Binary is a base 2 numbering system where we only have two digits to work with. (0-1) We have place values just like a decimal number, but they represent different values. In binary as you move left each place value is 2 times the previous value starting with 1.
Since we only have two digits in the binary system each place value can only be a 0 or 1, or turned on, or off. If you want to convert a binary number to decimal you take the bits that are turned on, or 1's, and add them together. The binary number 101 is 5 in decimal because the 4 place and 1 place are both turned on, or 1. We add 4 + 1 to get 5.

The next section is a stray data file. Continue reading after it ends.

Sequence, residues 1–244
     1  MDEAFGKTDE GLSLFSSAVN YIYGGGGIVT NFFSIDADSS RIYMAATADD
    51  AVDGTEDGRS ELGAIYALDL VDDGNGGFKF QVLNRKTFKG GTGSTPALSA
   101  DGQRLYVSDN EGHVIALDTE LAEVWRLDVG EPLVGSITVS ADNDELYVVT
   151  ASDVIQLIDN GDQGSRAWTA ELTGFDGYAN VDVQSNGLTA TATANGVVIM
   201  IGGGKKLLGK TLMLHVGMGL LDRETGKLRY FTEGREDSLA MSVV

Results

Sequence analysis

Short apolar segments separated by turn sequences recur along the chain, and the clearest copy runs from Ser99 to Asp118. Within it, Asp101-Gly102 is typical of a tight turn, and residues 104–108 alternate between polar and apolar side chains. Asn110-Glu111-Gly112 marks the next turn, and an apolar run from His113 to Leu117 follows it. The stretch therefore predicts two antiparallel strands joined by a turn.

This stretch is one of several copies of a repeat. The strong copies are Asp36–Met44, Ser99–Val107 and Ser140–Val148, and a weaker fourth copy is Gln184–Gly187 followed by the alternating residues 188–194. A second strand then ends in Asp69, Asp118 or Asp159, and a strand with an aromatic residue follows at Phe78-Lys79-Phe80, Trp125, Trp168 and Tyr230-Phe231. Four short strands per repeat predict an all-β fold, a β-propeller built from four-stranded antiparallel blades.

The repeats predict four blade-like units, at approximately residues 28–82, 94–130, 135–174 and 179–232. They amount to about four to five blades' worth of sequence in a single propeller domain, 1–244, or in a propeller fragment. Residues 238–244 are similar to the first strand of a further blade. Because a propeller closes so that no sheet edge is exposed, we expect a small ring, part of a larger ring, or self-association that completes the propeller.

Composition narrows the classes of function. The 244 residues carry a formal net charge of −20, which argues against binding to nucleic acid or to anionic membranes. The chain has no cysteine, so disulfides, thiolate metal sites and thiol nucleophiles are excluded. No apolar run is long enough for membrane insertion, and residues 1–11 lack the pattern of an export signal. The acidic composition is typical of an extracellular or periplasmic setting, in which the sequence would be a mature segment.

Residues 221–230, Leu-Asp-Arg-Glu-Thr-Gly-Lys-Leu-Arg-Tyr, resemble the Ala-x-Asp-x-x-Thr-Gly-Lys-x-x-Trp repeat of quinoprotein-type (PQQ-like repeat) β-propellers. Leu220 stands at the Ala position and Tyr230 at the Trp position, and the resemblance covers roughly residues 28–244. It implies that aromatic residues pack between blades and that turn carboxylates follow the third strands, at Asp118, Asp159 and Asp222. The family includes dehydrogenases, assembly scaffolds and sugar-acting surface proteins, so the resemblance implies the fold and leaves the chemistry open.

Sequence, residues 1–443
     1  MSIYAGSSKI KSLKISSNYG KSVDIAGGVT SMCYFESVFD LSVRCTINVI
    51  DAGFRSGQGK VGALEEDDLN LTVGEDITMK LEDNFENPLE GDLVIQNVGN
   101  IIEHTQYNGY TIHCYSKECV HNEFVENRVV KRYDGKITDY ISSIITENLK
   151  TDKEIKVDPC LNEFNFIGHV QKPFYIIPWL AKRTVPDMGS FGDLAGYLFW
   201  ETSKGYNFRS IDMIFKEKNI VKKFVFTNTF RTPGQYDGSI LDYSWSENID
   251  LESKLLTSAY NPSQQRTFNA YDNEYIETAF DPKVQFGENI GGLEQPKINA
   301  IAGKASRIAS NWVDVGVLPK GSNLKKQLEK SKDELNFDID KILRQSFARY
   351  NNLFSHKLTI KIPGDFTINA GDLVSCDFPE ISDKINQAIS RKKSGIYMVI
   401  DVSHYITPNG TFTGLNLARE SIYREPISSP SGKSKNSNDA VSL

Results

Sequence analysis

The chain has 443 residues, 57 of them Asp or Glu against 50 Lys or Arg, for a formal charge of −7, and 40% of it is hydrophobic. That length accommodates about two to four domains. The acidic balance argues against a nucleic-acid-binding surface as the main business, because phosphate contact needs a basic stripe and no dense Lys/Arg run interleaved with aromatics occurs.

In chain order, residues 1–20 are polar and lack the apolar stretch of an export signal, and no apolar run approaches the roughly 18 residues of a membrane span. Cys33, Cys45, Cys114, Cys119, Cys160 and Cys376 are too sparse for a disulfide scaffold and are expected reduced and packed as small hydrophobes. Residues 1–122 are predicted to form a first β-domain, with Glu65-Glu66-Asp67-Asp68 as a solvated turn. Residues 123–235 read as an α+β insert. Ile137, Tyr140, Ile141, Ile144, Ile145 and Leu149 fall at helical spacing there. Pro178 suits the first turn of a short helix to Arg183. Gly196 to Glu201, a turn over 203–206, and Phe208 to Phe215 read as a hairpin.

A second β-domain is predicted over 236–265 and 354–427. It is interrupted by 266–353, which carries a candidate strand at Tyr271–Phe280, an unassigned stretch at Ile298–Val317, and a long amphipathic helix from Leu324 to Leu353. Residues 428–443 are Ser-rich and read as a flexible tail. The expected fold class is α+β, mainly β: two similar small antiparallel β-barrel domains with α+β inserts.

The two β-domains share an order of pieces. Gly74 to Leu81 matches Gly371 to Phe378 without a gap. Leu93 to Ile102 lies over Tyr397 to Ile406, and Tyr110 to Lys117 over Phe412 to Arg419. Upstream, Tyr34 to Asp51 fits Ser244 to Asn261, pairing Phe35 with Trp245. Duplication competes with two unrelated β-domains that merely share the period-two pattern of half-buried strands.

Here are a few more examples of binary numbers converted to decimal. In each example the place values with 1's are added together giving use the decimal value.
For example if you're given the number 42 and you want to convert it to binary you would find the biggest binary place value that fits. In this case 64 is too big so we use 32. Turn off 128, and 64 by placing 0's then turn on 32 by placing a 1 in the 32 place value. Then subtract 32 from 42.
Now we repeat the process with the result. Find the largest place value we can subtract from 10. 16 is too large, but 8 will work. Let's turn off 16 and turn on 8 and subtract 8 from 10.
Now we're left with 2. We know we can't use 4 so turn it off and turn on 2. Then subtract 2 from 2.
The result is 0, this is how you know you're done. Place 0's for all the remaining value and you'll have the binary value that represents the decimal number 42. 00101010